Author: Kelsey Ryan
Living with a pet comes with many benefits, such as companionship, responsibility and unconditional love – it is not a shock that the majority of pet owners consider their furry friends to be a member of their family. Many people claim that their pets offer support through some of life’s toughest challenges, by simply just being present. In recent years, more research has been conducted to study the bond between humans and animals, assessing the mental health and physical health benefits of pet ownership. In a survey conducted by The Human Animal Bond Research Institute (HABRI), 74% of pet owners reported feeling that their mental health improved with having a pet in their home (2016).
The bond an individual has with their pet can do a lot to support positive well-being. Pets can help to alleviate stress, manage anxiety, depression and combat feelings of loneliness.
In a study conducted in 2016 by BMC Psychiatry, the role of pets in social interactions of their owners who were dealing with chronic mental health problems found that pets offered emotional support as well as providing a sense of “security and routine” for their owners (Brooks, Rushron, Walker, Lovell, & Rogers, 2016). This study also found that most participants considered their pets to be within their inner network of support. Indicating that pets can play a beneficial and supportive role in their owner’s lives.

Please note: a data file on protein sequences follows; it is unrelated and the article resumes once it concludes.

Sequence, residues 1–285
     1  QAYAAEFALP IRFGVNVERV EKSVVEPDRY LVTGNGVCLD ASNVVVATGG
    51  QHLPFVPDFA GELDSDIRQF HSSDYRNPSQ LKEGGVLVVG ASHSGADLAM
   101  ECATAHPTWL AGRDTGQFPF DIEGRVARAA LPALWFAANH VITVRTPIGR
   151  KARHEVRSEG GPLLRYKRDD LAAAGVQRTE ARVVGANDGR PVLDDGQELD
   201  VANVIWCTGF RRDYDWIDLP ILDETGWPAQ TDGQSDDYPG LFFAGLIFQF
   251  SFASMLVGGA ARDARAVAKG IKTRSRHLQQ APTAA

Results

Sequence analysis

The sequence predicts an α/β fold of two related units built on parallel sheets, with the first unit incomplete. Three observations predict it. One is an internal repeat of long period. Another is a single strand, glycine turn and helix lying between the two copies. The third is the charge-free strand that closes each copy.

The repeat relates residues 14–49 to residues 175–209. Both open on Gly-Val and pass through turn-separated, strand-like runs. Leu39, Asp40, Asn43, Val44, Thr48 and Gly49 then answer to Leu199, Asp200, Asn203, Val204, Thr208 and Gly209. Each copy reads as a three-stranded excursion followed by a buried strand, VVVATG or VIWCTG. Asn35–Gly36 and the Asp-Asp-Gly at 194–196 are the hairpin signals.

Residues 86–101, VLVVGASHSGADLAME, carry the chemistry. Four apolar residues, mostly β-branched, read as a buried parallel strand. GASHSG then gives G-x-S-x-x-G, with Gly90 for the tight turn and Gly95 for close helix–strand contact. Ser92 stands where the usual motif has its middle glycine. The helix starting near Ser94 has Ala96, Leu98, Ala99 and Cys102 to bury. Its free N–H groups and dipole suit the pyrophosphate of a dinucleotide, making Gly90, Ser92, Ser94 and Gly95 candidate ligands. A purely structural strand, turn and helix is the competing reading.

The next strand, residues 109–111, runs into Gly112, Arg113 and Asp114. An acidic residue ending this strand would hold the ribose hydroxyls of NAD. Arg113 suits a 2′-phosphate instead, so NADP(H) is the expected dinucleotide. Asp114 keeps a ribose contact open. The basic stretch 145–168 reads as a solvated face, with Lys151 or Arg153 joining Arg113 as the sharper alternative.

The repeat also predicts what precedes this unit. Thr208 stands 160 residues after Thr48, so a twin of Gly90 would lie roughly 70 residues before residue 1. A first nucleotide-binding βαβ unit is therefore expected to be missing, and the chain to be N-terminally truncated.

Some ways in which pets can positively impact an individual’s well-being could include:
- Lifting spirits and reducing stress
- Reducing depression and anxiety symptoms
- Increasing a sense of well-being
- Minimizing feelings of isolation
- Encouragement to be more active
- Increasing a sense of responsibility and purpose
And so many more!
The positive impacts of pets on mental health is a new idea, thus, studies around this topic are minimal and further research is needed to truly assess the extent to which this relationship plays a role in symptomology decrease. But most animal lovers will argue, there is no better comfort than an adoring pet.
Brooks, H., Rushron, K., Walker, S., Lovell, K., & Rogers, A. (2016). Ontological security and connectivity provided by pets: a study in the self-management of the everyday lives of people diagnosed with a long-term mental health condition. BMC Psychiatry .
Feldman, S. (n.d.). Alleviating Anxiety, Stress and Depression with the Pet Effect. Retrieved from Anxiety and Depression Association of America
The Human Animal Bond Research Institute. (2016). Survey: Pet Owners and the Human Animal Bond. 2016 Pet Owner Survey.